Subsea processing can be a cost-effective solution to flow-assurance problems. In a subsea system depicted in Fig. 3, wellstreams are separated and transported in separate pipelines, which eliminates multiphase flow and associated problems. Separator gas entering the pipeline is saturated with water; therefore, hydrate formation is still a concern. However, the amount of water that must be inhibited to prevent hydrates is relatively small and very predictable. This eliminates the need for overinjection of inhibitor to combat water slugs and allows the use of the more environmentally friendly inhibitor, glycol, which can be easily recovered and regenerated at the host platform. Unlike methanol, glycol has a very low vapor pressure and is less prone to vaporization losses.

With waxy crude pipelines, regular and frequent pigging is the only sure way to guard against wax plugs. An automatic subsea pig launcher, working in conjunction with a subsea separation and pumping system, may solve the problem. Because the system downstream of the separator is decoupled from the flowing wells and the reservoir, it is possible to pig online without production interruption. Any additional frictional pressure drop because of pigging can be overcome by the pump. Similarly, flow velocity in the pipeline can be kept high (at the expense of horsepower) to avoid produced-solids dropout, if that is a problem. With a replaceable multipig cartridge, pigs can be launched on a regular basis at a time frequency matched to the estimated rate of wax or solids deposition.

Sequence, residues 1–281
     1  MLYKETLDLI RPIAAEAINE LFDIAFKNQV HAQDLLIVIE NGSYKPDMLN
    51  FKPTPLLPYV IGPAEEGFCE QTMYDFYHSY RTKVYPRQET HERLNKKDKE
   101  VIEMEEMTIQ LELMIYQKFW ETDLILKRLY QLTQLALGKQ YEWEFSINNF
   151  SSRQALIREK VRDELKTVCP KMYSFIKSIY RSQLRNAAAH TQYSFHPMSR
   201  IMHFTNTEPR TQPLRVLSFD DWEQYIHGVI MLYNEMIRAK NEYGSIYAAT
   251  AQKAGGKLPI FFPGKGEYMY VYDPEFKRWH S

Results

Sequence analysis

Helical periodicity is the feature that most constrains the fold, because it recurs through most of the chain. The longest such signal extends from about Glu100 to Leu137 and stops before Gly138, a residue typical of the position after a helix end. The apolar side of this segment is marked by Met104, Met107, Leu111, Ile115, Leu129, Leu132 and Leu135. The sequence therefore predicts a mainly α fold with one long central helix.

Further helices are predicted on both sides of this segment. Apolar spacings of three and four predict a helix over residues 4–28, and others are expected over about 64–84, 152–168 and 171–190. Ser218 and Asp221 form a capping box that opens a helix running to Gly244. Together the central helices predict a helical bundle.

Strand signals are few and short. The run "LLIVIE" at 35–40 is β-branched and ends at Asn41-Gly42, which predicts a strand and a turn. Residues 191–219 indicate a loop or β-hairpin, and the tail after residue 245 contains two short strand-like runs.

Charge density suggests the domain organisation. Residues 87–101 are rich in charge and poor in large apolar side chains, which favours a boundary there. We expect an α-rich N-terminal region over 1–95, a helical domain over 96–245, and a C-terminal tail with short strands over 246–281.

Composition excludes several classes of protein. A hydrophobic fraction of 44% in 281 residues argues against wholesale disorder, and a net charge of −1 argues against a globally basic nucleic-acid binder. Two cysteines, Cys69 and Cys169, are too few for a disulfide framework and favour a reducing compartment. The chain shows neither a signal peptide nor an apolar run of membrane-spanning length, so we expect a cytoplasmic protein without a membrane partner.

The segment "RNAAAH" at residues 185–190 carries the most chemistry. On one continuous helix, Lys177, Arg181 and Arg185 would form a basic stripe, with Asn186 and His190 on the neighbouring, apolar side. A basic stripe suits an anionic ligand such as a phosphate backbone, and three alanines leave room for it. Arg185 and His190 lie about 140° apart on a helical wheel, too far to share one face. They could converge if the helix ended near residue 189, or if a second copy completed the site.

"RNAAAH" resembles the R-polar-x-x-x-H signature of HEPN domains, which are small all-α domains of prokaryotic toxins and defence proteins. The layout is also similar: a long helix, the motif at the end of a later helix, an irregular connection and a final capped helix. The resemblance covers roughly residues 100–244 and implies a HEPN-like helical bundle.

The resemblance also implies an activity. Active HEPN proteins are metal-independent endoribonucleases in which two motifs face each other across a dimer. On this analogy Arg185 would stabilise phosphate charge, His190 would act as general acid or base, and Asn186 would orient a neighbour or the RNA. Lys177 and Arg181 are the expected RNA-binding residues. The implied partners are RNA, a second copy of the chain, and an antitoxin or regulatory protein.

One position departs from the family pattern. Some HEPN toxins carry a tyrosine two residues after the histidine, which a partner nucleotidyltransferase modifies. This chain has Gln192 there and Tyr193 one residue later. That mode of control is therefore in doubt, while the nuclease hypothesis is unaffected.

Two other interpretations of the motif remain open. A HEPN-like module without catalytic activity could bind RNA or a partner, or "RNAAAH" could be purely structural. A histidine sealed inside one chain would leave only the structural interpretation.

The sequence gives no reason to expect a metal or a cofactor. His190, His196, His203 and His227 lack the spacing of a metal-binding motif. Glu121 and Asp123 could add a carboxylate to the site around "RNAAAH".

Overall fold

Topside facilities limitations

With subsea processing, produced fluids arrive at the host platform already separated into their respective phases, so the need for large slug catchers and separators is reduced or eliminated. Degassed oil and water may be further separated at the seabed, and the produced water reinjected back into subsea wells. Seabed separation and water reinjection increase oil pipeline capacity, reduce pipeline internal corrosion and water treatment on the surface, and reduce overall power demand. This is the natural progression from two-phase (gas-liquid) separation as the field matures and water production increases.